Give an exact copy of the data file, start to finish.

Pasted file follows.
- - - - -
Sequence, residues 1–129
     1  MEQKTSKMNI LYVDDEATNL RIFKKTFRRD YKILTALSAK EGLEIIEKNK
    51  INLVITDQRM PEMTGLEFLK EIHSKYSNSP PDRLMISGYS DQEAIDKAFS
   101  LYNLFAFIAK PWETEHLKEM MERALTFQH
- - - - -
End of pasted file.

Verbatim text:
Sequence, residues 1–129
     1  MEQKTSKMNI LYVDDEATNL RIFKKTFRRD YKILTALSAK EGLEIIEKNK
    51  INLVITDQRM PEMTGLEFLK EIHSKYSNSP PDRLMISGYS DQEAIDKAFS
   101  LYNLFAFIAK PWETEHLKEM MERALTFQH